New Museum and Visitor Center to Open at Gettysburg National Military Park
Museum Centerpiece of Rejuvenation Efforts at Landmark Civil War Battlefield Site
GETTYSBURG, Pa., Feb. 20 /PRNewswire/ -- A new museum dedicated to the history of the Battle of Gettysburg in the context of the Civil War will open April 14, 2008, at Gettysburg National Military Park. A joint project of the Gettysburg Foundation and the National Park Service, the museum will join together artifacts, hands-on exhibits, multimedia technology, and archival materials for an interactive, enriching experience that will excite visitors of all ages and instill a deeper understanding of the Civil War, its causes and consequences. The new Museum and Visitor Center is part of a $125 million fundraising campaign to preserve the historic integrity of Gettysburg.
"Gettysburg is the place where America was saved. In his Gettysburg Address, Abraham Lincoln called for a 'new birth of freedom'," said Robert C. Wilburn, president and CEO of the Gettysburg Foundation. "Gettysburg has become our country's common ground -- a reminder that we can come together as a nation, even after the most divisive of conflicts. We want this new Gettysburg experience to inspire visitors about the past, to encourage them to want to learn more about the events that have shaped our country and, in the process, to become better citizens."
The new Museum and Visitor Center will inspire visitors to learn more about the Battlefield and the town's significance in American history and to connect the battle to their lives today. The $103 million facility will preserve the National Park Service's extensive collection of artifacts, objects and archival materials for future generations. It is located adjacent to the Battlefield, on land that saw no major battle action, and has been designed to meet silver-level certification in Leadership in Energy and Environmental Design (LEED) as determined by the U.S. Green Building Council.
"The new museum will better prepare visitors to walk the sacred ground of the Gettysburg Battlefield and see it through the soldier's eyes," said John Latschar, superintendent of Gettysburg National Military Park.
The 139,000 square-foot Museum and Visitor Center brings to life the Battle of Gettysburg -- and the entire Civil War era -- with:
-- 12 Exhibit Galleries: The 11 permanent galleries are based on phrases from Abraham Lincoln's Gettysburg Address, such as "Now We Are Met on a Great Battlefield of that War," which offers an examination of each day of the Battle of Gettysburg, and "The Brave Men Living and Dead," which presents the aftermath of the battle and its impact on the town. The galleries will tell the story of Gettysburg and the Civil War and provide context to the collection of artifacts and archival materials that include such notable items as Gen. Robert E. Lee's field camp and a physician's journal that was used to help loved ones locate the remains of thousands of Confederate soldiers after the war. The twelfth gallery, the Gilder Lehrman Special Exhibits Gallery, will feature temporary exhibits and broaden the number of topics covered in the museum.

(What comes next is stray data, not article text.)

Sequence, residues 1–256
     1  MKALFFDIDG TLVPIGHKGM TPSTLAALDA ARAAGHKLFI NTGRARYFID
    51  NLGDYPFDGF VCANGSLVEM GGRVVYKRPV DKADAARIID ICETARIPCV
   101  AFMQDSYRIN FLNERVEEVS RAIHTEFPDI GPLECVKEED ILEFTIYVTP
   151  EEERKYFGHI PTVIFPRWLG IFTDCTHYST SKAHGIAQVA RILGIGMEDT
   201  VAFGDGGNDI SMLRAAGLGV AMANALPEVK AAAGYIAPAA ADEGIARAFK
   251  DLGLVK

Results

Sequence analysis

-- Feature Film, A New Birth of Freedom: The 22-minute film, narrated by Academy Award(R) winning actor Morgan Freeman, immerses viewers in the sights, sounds and emotions of the battle and its aftermath.
-- Multimedia Stations: The sights and sounds of the Civil War are represented in five film galleries featuring short videos about the causes of the war, the three days of the battle, and the outcome of the war; and two Voices Theaters featuring audio programs that convey the stories of the commanders, the common soldiers, the civilians and the correspondents through readings of diaries, letters and newspaper articles from that era.
-- Interactive Stations: Visitors will learn how to read signal flags, and translate messages being sent from Little Round Top. They will figure out how to respond to different bugle calls. When the order is given to break camp, they will pack their own kit bag for inspection.
-- Computer Resource Room: Visitors can take history into their own hands and access information about the people, the battle, the collection and the Battlefield monuments.
-- The Ford Motor Company Fund Education Center: Multipurpose educational facilities -- both indoors and out -- provide dedicated space for workshops, classroom use and distance-learning programs.